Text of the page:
GST/HST information for taxi operators and commercial ride-sharing drivers

Notice to reader

A driver who supplies taxable commercial ride-sharing services on or after July 1, 2017, is deemed to be a taxi business for GST/HST purposes. Such drivers must register for the GST/HST and charge it on their fares in the same way as taxi operators.


GST/HST for taxi operators and commercial ride-sharing drivers

As a GST/HST registrant, you usually have to collect the GST/HST on amounts you charge for taxable supplies of property and services. However, in the case of a passenger transportation service supplied by a taxi operator or a commercial ride-sharing driver, tax is usually already included in the fares. For more information, see How to calculate the GST/HST included in a fare.

Examples of amounts charged by a taxi operator or a commercial ride-sharing driver 

The following are examples of amounts charged by a taxi operator or a commercial ride-sharing driver:

  • metered taxi and limousine fares
  • flat rates charged for transporting passengers by taxi and limousine
  • fees charged for leasing a vehicle to a driver
  • fees charged by taxi licence owners for the use of their taxi licence
  • dispatch fees charged by a taxi stand to a driver
  • related charges such as waiting time, parcel delivery, and transportation of luggage

As a GST/HST registrant, you can generally claim input tax credits (ITCs) to recover the GST/HST paid or payable on your business purchases such as gas, car repairs, and car washes. You have to keep records of the amounts you pay or owe to support your ITC claims. For more information, see Input tax credits.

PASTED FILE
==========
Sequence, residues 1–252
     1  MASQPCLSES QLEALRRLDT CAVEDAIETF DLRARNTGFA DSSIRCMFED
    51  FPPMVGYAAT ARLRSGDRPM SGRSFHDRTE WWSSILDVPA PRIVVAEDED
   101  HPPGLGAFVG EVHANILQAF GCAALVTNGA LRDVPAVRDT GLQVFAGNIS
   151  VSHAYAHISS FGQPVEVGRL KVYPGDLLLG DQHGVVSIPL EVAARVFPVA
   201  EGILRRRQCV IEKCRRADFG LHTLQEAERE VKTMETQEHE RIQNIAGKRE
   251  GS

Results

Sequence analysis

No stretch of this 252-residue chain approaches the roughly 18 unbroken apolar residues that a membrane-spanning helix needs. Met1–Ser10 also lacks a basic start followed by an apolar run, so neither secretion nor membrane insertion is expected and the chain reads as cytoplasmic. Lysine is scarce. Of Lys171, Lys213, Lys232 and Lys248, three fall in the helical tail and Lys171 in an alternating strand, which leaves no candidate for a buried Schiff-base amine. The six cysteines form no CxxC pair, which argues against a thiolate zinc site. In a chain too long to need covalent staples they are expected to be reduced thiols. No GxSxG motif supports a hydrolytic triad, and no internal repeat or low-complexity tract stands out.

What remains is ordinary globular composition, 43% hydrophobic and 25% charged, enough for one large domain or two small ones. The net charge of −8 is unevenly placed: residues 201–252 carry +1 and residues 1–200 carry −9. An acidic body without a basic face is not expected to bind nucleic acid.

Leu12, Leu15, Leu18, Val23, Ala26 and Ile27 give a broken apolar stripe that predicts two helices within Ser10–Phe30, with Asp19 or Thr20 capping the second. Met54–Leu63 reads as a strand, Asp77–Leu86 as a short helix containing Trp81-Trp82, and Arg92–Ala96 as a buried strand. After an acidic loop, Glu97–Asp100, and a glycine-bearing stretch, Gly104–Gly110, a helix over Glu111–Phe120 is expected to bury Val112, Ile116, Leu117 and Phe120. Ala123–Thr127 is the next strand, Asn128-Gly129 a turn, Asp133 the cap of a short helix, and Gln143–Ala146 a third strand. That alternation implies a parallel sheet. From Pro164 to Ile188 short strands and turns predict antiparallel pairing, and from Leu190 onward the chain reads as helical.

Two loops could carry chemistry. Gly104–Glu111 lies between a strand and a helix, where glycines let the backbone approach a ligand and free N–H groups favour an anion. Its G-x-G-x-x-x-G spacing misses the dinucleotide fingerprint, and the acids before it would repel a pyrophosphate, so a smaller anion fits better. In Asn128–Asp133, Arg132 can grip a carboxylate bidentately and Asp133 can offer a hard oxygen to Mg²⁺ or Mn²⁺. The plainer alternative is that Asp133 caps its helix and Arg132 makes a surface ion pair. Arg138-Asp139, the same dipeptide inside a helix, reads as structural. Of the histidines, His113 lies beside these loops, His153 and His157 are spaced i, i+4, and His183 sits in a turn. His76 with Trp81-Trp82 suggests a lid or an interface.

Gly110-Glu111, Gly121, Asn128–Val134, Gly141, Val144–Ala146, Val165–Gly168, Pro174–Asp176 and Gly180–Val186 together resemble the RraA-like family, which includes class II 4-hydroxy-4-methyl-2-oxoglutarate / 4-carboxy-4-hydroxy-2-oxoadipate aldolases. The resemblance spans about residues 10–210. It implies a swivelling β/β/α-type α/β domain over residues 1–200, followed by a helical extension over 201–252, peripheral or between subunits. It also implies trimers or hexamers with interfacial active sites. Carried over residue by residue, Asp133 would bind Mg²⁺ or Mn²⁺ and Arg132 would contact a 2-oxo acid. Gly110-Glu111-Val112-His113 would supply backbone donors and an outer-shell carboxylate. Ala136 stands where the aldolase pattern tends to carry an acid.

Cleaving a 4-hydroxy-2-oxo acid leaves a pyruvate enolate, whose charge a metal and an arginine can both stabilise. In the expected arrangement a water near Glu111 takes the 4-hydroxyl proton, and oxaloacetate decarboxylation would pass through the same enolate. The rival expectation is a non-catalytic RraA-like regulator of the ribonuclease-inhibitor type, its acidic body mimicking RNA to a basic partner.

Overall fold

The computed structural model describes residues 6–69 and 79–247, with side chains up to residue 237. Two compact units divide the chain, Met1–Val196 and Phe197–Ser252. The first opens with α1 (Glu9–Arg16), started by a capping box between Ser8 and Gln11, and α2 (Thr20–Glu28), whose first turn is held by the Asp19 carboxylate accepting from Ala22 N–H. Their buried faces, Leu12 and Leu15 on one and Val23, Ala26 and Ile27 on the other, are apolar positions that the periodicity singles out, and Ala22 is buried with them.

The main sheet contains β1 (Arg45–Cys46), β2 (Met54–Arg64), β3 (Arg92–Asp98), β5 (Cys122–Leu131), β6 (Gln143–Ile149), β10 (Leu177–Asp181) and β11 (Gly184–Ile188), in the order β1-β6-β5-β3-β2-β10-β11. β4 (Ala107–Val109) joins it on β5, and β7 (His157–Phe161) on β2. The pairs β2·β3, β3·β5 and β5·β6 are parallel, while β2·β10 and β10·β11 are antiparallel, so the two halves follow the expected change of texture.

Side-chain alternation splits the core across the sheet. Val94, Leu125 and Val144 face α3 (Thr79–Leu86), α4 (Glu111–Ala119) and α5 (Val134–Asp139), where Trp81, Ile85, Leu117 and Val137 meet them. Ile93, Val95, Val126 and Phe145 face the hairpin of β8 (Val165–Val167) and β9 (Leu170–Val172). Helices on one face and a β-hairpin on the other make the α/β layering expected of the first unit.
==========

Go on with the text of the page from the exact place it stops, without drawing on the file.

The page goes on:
For more information, see the GST/HST Info Sheet GI-196, GST/HST and Commercial Ride-sharing Services.

You also have to fill out and file GST/HST returns according to your reporting period. This will be either annually, quarterly, or monthly.

When you fill out your GST/HST return, you can use either the regular method or the quick method to calculate your net tax. For more information on how to fill out your GST/HST return, see Complete and file a return – When to file.

Who needs to register for a GST/HST account

If you are a self-employed taxi operator or commercial ride-sharing driver who supplies taxable passenger transportation services, you must register for a GST/HST account even if you are a small supplier.

You are usually self-employed if you are in one of the following situations:

  • You own your taxicab or motor vehicle.
  • You lease a taxicab or motor vehicle from an owner for a flat fee, either on a daily, weekly, or monthly basis.
  • You lease a taxicab or motor vehicle from an owner for a percentage of fares.

If you are not sure whether you are self-employed or an employee, you can request a ruling from the CRA to determine your status by using Form CPT1, Request for a CPP/EI Ruling – Employee and Self-Employed?.

How to calculate the GST/HST included in a fare

The GST/HST is usually included in the fares for a passenger transportation service supplied by a taxi operator or commercial ride-sharing driver. For that reason, you may have to calculate the amount of GST/HST included in the fares.

Tax rate to apply depending on the trip
Where does the trip begin and end? Tax included in the fare